For the development of coronavirus disease 2019 (COVID-19) drugs during the ongoing pandemic, speed is of essence whereas quality of evidence is of paramount importance. Although thousands of COVID-19 trials were rapidly started, many are unlikely to provide robust statistical evidence and meet regulatory standards (e.g., because of lack of randomization or insufficient power). This has led to an inefficient use of time and resources. With more coordination, the sheer number of patients in these trials might have generated convincing data for several investigational treatments. Collaborative platform trials, comparing several drugs to a shared control arm, are an attractive solution. Those trials can utilize a variety of adaptive design features in order to accelerate the finding of life-saving treatments. In this paper, we discuss several possible designs, illustrate them via simulations, and also discuss challenges, such as the heterogeneity of the target population, time-varying standard of care, and the potentially high number of false hypothesis rejections in phase II and phase III trials. We provide corresponding regulatory perspectives on approval and reimbursement, and note that the optimal design of a platform trial will differ with our societal objective and by stakeholder. Hasty approvals may delay the development of better alternatives, whereas searching relentlessly for the single most efficacious treatment may indirectly diminish the number of lives saved as time is lost. We point out the need for incentivizing developers to participate in collaborative evidence-generation initiatives when a positive return on investment is not met.


Subject(s)
Antiviral Agents/pharmacology , COVID-19 , Clinical Trials as Topic , Research Design , Antiviral Agents/therapeutic use , COVID-19/drug therapy , COVID-19/mortality , Clinical Trials as Topic/legislation & jurisprudence , Clinical Trials as Topic/organization & administration , Clinical Trials, Phase II as Topic , Clinical Trials, Phase III as Topic , Drug Approval/legislation & jurisprudence , Europe , Humans , Patient Selection , Public Opinion , Standard of Care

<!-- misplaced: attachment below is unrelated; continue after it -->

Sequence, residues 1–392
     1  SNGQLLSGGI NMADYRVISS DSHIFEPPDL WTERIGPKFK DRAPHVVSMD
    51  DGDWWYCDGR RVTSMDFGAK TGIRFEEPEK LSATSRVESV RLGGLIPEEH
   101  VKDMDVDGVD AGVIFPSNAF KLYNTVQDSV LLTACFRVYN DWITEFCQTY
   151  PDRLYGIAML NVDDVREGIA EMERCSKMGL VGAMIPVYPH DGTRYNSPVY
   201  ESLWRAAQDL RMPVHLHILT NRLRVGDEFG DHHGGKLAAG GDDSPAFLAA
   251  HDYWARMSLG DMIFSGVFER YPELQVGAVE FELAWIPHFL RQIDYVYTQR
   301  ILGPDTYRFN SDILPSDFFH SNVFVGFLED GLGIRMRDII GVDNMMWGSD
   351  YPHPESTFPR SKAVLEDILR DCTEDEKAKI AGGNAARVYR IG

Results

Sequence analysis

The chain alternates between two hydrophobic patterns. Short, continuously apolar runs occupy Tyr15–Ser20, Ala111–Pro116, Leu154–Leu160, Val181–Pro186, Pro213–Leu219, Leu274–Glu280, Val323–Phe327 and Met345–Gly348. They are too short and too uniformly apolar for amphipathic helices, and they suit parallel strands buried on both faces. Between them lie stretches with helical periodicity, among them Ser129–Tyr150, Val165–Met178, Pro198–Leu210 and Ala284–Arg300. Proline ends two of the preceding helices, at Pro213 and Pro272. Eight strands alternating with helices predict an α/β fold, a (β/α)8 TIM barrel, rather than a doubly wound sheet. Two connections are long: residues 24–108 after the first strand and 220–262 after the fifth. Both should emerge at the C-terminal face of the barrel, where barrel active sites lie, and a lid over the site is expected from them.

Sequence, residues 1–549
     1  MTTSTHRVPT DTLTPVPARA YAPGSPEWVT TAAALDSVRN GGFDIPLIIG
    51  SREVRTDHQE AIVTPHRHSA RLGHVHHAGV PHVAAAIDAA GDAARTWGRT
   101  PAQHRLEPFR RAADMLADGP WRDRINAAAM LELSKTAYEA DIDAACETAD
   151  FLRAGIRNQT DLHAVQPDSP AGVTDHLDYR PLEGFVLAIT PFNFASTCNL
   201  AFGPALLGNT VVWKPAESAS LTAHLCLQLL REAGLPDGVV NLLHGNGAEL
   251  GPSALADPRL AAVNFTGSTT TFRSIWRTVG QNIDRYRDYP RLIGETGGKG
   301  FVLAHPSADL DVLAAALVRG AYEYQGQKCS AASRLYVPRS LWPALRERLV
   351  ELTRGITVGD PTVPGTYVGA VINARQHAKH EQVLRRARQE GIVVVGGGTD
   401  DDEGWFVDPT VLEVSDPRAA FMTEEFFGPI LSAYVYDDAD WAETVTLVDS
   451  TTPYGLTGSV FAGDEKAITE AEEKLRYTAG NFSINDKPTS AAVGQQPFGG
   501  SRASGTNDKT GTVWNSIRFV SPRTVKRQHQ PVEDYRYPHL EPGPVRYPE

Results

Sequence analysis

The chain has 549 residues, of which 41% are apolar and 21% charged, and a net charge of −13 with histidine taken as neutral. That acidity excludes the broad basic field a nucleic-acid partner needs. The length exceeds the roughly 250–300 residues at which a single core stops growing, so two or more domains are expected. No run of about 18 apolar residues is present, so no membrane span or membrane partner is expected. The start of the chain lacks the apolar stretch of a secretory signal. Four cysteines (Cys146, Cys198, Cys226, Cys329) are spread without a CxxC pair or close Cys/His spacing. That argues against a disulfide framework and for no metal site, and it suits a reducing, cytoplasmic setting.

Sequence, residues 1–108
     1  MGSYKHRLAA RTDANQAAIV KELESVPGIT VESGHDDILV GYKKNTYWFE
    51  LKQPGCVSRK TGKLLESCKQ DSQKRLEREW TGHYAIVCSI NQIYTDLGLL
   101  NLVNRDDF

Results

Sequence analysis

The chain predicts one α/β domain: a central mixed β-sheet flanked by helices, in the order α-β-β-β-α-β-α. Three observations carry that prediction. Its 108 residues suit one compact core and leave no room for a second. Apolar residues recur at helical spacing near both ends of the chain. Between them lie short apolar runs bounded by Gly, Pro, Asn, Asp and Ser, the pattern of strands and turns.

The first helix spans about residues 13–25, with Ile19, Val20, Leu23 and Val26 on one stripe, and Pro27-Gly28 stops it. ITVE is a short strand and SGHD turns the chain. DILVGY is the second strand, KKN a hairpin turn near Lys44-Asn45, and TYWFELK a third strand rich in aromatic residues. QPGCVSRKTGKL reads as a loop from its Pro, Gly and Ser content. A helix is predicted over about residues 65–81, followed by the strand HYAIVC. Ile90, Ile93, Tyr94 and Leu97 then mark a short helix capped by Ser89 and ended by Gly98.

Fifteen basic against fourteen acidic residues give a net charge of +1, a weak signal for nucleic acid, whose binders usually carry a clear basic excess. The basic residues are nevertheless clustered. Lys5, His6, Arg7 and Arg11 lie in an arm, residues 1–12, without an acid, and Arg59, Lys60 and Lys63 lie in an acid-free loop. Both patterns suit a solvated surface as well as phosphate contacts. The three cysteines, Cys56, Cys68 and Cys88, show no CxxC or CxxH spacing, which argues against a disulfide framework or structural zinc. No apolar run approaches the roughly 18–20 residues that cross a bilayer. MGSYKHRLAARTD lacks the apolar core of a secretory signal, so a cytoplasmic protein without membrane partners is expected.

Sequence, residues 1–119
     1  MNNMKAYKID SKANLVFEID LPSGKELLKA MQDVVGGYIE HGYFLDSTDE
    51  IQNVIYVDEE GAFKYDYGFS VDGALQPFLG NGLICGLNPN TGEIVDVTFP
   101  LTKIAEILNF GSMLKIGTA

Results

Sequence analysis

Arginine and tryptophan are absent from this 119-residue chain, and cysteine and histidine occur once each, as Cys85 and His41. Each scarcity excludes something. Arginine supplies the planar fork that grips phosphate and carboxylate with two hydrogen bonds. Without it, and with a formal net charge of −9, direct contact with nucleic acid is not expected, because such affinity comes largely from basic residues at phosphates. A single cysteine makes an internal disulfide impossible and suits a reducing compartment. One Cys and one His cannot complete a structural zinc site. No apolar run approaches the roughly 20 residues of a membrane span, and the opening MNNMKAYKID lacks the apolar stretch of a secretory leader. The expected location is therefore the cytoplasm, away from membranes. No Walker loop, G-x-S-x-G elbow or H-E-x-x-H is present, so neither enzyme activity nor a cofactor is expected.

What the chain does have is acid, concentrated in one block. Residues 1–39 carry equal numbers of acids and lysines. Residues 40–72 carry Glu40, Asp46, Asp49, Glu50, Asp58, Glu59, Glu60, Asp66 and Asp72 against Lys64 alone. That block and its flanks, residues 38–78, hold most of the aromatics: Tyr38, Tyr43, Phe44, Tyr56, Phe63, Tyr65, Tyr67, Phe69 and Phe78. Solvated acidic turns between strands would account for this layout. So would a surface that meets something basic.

10.
Cytotherapy ; 23(1): 10-11, 2021 01.
Article in English | MEDLINE | ID: covidwho-1002742

ABSTRACT

Attempts to streamline environmental procedures for those products containing or consisting of genetically modified organisms (GMOs) among the European Union (EU) Member States are ongoing but still need to be further developed. These procedures can be complex, resource-intensive and time-consuming. Some candidate vaccines currently under development for COVID-19 include genetically modified viruses, which may be considered GMOs. Given the public health emergency caused by the COVID-19 outbreak, on July 15, 2020, the European Parliament approved a temporary derogation of the European environmental requirements to facilitate that those clinical trials with GMOs intended to treat or prevent COVID-19 can start as soon as possible in Europe. This measure has been very controversial, since it could entail risks to human health and the environment, and could be seen as unfair for other products targeting unmet medical needs. With the adoption of this measure, the bottlenecks and obstacles for the development of innovative GMO-based medicines in the EU that the environmental legislation entails have become even more evident.


Subject(s)
COVID-19 Vaccines/genetics , COVID-19/epidemiology , COVID-19/prevention & control , Clinical Trials as Topic/legislation & jurisprudence , Organisms, Genetically Modified , Pandemics/prevention & control , SARS-CoV-2/genetics , SARS-CoV-2/immunology , COVID-19/virology , Europe/epidemiology , European Union , Humans , Risk Assessment
11.
Med Sci (Paris) ; 36(4): 303-307, 2020 Apr.
Article in French | MEDLINE | ID: covidwho-811536

ABSTRACT